Angiotensin News and Research RSS Feed - Angiotensin News and Research

Angiotensin is an oligopeptide in the blood that causes vasoconstriction, increased blood pressure, and release of aldosterone from the adrenal cortex. It is a powerful dipsogen. It is derived from the precursor molecule angiotensinogen, a serum globulin produced in the liver. It plays an important role in the renin-angiotensin system.
Study shows drugs for hypertension may help treat mood disorders

Study shows drugs for hypertension may help treat mood disorders

In the current issue of Psychotherapy and Psychosomatics, the relationship of drugs that are generally used for treating hypertension (angiotensin converting enzyme inhibitors) are examined in their effects as to depression. [More]
Scientists develop new online open-access data tool to improve drug safety

Scientists develop new online open-access data tool to improve drug safety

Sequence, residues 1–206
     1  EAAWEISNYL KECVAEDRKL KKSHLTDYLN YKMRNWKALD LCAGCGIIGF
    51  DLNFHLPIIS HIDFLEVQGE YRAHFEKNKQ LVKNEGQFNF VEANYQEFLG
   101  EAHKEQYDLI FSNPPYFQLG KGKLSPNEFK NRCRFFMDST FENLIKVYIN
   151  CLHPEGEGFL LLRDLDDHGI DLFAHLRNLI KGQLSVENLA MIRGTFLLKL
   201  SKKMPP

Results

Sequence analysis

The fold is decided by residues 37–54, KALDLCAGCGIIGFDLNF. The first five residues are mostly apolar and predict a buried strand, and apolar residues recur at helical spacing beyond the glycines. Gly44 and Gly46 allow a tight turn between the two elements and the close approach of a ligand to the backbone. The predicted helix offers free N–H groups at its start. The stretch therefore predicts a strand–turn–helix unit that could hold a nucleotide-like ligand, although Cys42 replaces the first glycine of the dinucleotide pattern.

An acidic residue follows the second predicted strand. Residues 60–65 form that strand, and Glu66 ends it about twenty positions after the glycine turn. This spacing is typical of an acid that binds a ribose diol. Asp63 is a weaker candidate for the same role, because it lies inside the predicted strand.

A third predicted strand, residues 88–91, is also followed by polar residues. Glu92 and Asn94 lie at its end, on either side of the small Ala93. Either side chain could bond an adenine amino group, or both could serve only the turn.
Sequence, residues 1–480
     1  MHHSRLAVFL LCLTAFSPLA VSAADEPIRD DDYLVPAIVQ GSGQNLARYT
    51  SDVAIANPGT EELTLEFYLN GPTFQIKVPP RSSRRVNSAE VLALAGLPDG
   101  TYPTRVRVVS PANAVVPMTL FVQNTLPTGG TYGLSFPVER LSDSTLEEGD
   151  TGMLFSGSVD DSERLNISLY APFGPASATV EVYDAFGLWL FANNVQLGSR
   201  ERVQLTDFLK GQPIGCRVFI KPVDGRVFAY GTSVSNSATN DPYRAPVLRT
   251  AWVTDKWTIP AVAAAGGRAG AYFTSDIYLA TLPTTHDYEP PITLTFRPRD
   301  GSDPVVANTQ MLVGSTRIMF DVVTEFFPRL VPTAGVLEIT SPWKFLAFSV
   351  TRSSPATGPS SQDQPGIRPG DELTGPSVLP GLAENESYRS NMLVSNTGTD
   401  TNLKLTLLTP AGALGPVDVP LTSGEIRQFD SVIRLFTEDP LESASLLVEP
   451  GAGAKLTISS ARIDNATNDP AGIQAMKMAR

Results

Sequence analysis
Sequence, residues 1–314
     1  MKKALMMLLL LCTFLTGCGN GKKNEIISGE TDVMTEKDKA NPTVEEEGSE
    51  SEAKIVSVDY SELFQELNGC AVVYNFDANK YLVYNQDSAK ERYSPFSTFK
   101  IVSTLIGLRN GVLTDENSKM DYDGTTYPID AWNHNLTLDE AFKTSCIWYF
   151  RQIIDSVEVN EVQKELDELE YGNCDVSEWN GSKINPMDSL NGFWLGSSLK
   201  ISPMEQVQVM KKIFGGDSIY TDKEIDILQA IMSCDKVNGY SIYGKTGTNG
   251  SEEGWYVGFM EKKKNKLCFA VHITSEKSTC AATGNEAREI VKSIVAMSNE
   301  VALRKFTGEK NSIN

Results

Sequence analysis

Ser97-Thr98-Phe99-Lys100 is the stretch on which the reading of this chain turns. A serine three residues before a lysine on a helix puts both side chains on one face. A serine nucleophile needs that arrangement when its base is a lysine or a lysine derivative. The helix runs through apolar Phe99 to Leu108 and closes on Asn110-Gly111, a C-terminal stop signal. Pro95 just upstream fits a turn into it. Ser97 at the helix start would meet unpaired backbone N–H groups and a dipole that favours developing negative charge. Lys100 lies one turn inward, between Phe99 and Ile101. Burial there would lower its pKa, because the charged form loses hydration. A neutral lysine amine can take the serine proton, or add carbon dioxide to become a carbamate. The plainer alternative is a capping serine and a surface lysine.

A new online open-access database has been developed by scientists to allow the clinical responses of more than 5 million patients to all FDA-approved drugs to be used to identify unexpected clinical harm, benefits and alternative treatment choices for individual patients, according to a study appearing July 8 in Nature Biotechnology. [More]
Study finds ARNI therapy could potentially prevent 28,484 deaths from heart failure each year

Study finds ARNI therapy could potentially prevent 28,484 deaths from heart failure each year

A UCLA-led study estimates that almost 28,500 deaths could be prevented each year in the U.S. through use of a new FDA-approved class of cardiovascular medication that helps reduce mortality in patients diagnosed with heart failure and reduced ejection fraction, the percentage of blood pumped from the heart with each contraction. [More]
Blood pressure medications can lower stroke, heart attack risk in patients with end-stage renal disease